Herbie Hancock

Carnegie Hall (New York, NY)

Jun 30, 1974

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  1. 1 Introduction 01:28
  2. 2 Maiden Voyage 18:03
  3. 3 Introduction 01:37
  4. 4 Dolphin Dance 25:00
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Herbie Hancock - piano, Fender Rhodes electric piano, ARP Odyssey synthesizer, ARP 2600 synthesizer, ARP string synthesizer, Hohner D6 clavinet

As part of 1974 Newport Jazz Festival's piano extravaganza in Carnegie Hall, Herbie Hancock brought along a few of his "toys" to augment his set. While Eubie Blake, Bill Evans, Teddy Wilson, McCoy Tyner, and Keith Jarrett all played the acoustic piano on this program, Hancock unveiled an arsenal of keyboards on stage, including a bank of ARP synthesizers, a Fender Rhodes electric piano, and his trusty Hohner D6 clavinet. These were new instruments at the time, representing the absolute state of the art in keyboard technology. Hancock had already employed them on his groundbreaking hit album from the previous year, Head Hunters, and was preparing to explore them again on his eagerly-awaited follow-up album, Thrus<,/i>, which he would record in August of 1974. So at the moment of this Carnegie Hall gala, he was totally immersed in the vocabulary, tones, and textures of synthesizers and wasn't about to go leave his toys in the studio.

Hancock performs two pieces from his 1965 Blue Note recording, Maiden Voyage. He opens with the title track of that landmark album on piano and begins by freely improvising before finally stating the familiar theme at the 2:30 mark. From there he extrapolates from the "Maiden Voyage" theme, one of the most memorable in jazz. Then at the 11-minute mark, while sounding a simple ostinato figure on the piano, he whispers into the microphone: "I'm going to sneak over to play electric keyboards and continue the composition, OK?" And what follows is another seven minutes of exploration on Rhodes and the ARP string synthesizer. His subtle use of delay on the Rhodes is particularly effective in creating a dreamy vibe on this highly evocative number. He begins "Dolphin Dance" on that same electric piano, which is treated with a touch of delay to enhance its glistening quality. Hancock continues to artfully re-harmonize and reinvent that beautifully buoyant theme through the 10:30 mark before switching over to pure ambient mode with a barrage of experimental textures and electronically-treated sounds from his arsenal of synths that pushes into the realm of avant-garde. By the 17:17 mark of this lengthy piece, Hancock triggers a synth bass ostinato (on a primitive looping device) and launches into strains of his funky, clavinet-fueled "Palm Grease," which would later appear on Thrust. He concludes his set with more sonic seasonings from the ARP Odyssey which leaves the audience in a stunned state of awe.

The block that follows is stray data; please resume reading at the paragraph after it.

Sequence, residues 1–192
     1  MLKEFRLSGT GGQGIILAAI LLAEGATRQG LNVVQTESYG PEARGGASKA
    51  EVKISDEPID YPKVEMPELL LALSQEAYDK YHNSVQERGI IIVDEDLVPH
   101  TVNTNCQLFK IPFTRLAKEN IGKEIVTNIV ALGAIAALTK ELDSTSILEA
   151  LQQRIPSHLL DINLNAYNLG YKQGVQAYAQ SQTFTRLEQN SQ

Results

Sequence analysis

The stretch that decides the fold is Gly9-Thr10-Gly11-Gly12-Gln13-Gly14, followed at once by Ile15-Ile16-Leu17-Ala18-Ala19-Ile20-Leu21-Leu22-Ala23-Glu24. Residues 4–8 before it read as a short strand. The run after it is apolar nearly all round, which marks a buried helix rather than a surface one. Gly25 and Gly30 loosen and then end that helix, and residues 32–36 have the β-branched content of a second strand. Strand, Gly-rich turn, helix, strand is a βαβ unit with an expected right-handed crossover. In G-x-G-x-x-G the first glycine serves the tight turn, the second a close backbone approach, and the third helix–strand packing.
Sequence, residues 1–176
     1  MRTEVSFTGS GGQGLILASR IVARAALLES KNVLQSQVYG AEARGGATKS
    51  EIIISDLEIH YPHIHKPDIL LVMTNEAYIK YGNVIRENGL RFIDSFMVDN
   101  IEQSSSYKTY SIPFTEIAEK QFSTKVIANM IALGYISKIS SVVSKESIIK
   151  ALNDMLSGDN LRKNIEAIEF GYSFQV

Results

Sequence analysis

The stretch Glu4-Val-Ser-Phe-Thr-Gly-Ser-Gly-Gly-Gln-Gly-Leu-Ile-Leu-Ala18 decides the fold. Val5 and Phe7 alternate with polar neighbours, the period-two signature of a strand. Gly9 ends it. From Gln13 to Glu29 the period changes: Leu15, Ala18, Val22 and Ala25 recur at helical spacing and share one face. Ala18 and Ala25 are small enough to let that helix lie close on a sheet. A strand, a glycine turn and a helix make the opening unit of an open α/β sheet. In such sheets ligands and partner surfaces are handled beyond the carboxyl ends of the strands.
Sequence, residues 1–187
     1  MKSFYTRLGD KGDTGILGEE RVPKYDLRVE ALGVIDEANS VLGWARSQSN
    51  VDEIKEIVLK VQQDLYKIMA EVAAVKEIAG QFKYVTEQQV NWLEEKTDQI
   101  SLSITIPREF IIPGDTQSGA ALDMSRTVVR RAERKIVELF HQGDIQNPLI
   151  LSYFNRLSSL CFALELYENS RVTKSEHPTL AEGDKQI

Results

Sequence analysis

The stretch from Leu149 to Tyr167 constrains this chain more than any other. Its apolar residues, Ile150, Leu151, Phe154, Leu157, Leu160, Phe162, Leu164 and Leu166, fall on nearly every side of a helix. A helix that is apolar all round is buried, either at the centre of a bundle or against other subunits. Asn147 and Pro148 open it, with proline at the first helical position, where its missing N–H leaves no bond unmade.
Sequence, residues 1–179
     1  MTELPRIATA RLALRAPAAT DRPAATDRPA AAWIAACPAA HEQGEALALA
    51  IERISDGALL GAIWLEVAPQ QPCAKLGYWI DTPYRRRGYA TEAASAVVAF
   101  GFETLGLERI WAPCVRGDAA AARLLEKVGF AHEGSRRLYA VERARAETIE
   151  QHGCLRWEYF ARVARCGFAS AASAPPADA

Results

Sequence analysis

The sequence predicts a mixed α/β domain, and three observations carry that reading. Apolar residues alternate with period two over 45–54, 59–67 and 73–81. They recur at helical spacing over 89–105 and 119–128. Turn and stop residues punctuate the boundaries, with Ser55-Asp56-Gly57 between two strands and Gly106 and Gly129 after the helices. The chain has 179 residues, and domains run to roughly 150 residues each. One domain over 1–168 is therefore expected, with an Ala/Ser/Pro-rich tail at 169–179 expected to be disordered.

Like his mentor Miles Davis, Herbie Hancock has continued to reinvent himself over five decades of music-making. And like the title of one of his most famous recordings, "Chameleon," he has been changing his colors to suit a myriad of musical surroundings, shifting from straight ahead acoustic jazz to groundbreaking fusion, evocative soundtrack work, cutting edge techno-funk, and interpretations of modern pop standards.